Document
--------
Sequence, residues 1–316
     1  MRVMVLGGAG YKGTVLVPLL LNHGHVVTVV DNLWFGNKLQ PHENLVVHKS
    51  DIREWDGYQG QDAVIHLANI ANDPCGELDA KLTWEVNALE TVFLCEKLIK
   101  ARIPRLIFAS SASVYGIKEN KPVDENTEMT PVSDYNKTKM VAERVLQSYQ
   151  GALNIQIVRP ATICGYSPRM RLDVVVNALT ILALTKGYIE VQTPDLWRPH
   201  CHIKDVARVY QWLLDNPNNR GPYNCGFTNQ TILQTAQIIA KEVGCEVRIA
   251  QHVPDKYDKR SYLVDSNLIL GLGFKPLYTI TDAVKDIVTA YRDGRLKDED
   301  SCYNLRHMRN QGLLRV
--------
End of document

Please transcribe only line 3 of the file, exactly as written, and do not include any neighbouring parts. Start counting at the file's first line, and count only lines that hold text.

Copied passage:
    51  DIREWDGYQG QDAVIHLANI ANDPCGELDA KLTWEVNALE TVFLCEKLIK